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This is an excerpt from the sheet music for a song by Eminem. What do the cross notes mean, and what is their purpose? Why not use normal notes? (I see this frequently in hip-hop sheet music.)

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They refer to non-tonal/non-harmonic sounds; be it drum sounds (these sounds don't follow a harmonic structure), or dead notes on a string instrument, or, as is the case in this example, rap (the rapper speaks the words without tuning them to a specific pitch).

This is useful for notating rhythm parts that don't really have a pitch. It's used instead of "normal notes" because it would be misleading to notate the example as, say, a B if the performer isn't supposed to sing a specific pitch.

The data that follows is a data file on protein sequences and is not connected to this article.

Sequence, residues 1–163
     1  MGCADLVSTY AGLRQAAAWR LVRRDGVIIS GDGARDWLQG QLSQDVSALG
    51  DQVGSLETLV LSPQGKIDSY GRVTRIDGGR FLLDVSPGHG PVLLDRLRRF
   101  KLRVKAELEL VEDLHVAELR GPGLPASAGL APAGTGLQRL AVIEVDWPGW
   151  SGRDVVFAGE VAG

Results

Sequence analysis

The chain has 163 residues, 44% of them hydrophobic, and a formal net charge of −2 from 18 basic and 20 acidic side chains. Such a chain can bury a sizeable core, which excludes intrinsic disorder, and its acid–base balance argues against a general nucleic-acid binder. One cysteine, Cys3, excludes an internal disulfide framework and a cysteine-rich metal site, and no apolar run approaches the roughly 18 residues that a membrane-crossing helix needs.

They are actually called "Ghost Notes". In Wikipedia you can see a few examples of parts notated with these notes.

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  • Ok and this what differs with dead notes? – coerrace Jun 19 '19 at 19:38
  • Do you mean the dead notes you would play on a guitar? They are another example of parts that are notated with these ghost notes (it's equivalent to using the guitar as a percussion instrument, playing non-tonal sounds). I've edited my answer with additional information. – Pablo Fergus Jun 19 '19 at 20:38
  • Excellent with great help was your answer. – coerrace Jun 19 '19 at 21:27
  • Drum sounds do kind of follow a harmonic structure, similar to the notated rap here. They are usually not tuned to specific pitches (although toms sometimes are and timpani certainly are). There is a hierarchy though in that some of the drums are tuned higher than other, which also applies to smaller/larger cymbals. You can hint at inflections using this kind of notation for rap as well, if one cross note is higher than another, it is of a higher relative pitch, although it isn't specified exactly what either of those pitches are. – Johan Feb 14 at 11:48

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